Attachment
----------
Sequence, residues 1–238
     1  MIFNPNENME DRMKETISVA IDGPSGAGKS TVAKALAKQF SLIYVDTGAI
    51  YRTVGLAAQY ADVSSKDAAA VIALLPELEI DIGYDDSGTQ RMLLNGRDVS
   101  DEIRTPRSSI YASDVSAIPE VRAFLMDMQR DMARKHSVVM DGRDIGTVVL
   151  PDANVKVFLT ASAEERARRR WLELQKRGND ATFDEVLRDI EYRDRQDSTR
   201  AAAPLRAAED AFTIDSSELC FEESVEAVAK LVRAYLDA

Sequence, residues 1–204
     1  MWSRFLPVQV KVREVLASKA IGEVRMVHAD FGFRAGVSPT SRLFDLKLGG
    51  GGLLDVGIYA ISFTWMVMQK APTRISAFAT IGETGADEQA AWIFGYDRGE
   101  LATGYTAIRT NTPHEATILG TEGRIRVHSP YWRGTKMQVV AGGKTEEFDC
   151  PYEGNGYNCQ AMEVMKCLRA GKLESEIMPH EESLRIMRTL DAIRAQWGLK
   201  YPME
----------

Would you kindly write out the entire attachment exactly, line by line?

Sequence, residues 1–238
     1  MIFNPNENME DRMKETISVA IDGPSGAGKS TVAKALAKQF SLIYVDTGAI
    51  YRTVGLAAQY ADVSSKDAAA VIALLPELEI DIGYDDSGTQ RMLLNGRDVS
   101  DEIRTPRSSI YASDVSAIPE VRAFLMDMQR DMARKHSVVM DGRDIGTVVL
   151  PDANVKVFLT ASAEERARRR WLELQKRGND ATFDEVLRDI EYRDRQDSTR
   201  AAAPLRAAED AFTIDSSELC FEESVEAVAK LVRAYLDA

Sequence, residues 1–204
     1  MWSRFLPVQV KVREVLASKA IGEVRMVHAD FGFRAGVSPT SRLFDLKLGG
    51  GGLLDVGIYA ISFTWMVMQK APTRISAFAT IGETGADEQA AWIFGYDRGE
   101  LATGYTAIRT NTPHEATILG TEGRIRVHSP YWRGTKMQVV AGGKTEEFDC
   151  PYEGNGYNCQ AMEVMKCLRA GKLESEIMPH EESLRIMRTL DAIRAQWGLK
   201  YPME